Double Displacement Reactions(Pages ) A double displacement reaction is a chemical reaction in which the positive ions of two different compounds exchange places, resulting in the formation of two new compounds – one of which may be a precipitate. Producing silver chromate (AgCrO4(s) ) (the red precipitate) and potassium nitrate (2KNO3(aq)) Copyright © 2010 McGraw-Hill Ryerson Ltd.
Double Displacement Reactions(Pages ) Review your understanding of double displacement reactions. Copyright © 2010 McGraw-Hill Ryerson Ltd.
Na2SO3(aq) + 2HCl(aq) 2NaCl (aq) + H2SO3(aq)Chemical Reactions and Food Preservation (Page 197) Sulfur dioxide (SO2) is used to preserve the colour of dried fruit. A double displacement reaction followed by a decomposition reaction releases the sulfur dioxide gas required for the process. The double replacement reaction Na2SO3(aq) + 2HCl(aq) NaCl (aq) + H2SO3(aq) The decomposition reaction H2SO3(aq) H2O(l) + SO2(g) Copyright © 2010 McGraw-Hill Ryerson Ltd.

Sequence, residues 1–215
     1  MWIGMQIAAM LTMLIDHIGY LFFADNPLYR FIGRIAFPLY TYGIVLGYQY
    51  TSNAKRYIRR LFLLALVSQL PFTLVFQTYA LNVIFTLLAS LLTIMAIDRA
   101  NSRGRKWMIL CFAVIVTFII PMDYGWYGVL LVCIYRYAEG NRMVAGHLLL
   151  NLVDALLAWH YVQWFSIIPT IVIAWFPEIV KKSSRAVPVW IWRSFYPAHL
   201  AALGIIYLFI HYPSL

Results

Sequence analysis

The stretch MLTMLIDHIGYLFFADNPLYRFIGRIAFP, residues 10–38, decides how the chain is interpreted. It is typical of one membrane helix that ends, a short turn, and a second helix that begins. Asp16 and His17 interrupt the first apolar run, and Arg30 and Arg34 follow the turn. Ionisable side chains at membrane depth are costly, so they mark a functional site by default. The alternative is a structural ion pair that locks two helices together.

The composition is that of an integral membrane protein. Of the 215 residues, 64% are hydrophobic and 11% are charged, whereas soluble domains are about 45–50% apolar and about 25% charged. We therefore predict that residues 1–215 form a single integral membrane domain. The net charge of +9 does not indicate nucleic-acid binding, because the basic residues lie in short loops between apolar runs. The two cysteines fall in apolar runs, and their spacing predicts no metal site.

Summary of Reaction Types(Page 197) Copyright © 2010 McGraw-Hill Ryerson Ltd.
Summary of Reaction Types(Page 197) One additional type of chemical reaction that you will learn about in future studies is a combustion reaction. These reactions always involve a “fuel” reacting with oxygen to release energy. Carbon dioxide and water are also produced by the reaction. Copyright © 2010 McGraw-Hill Ryerson Ltd.
Concepts to be reviewed:Section 5.2 Review (Page 198) Concepts to be reviewed: single displacement reactions the activity series of elements double displacement reactions Copyright © 2010 McGraw-Hill Ryerson Ltd.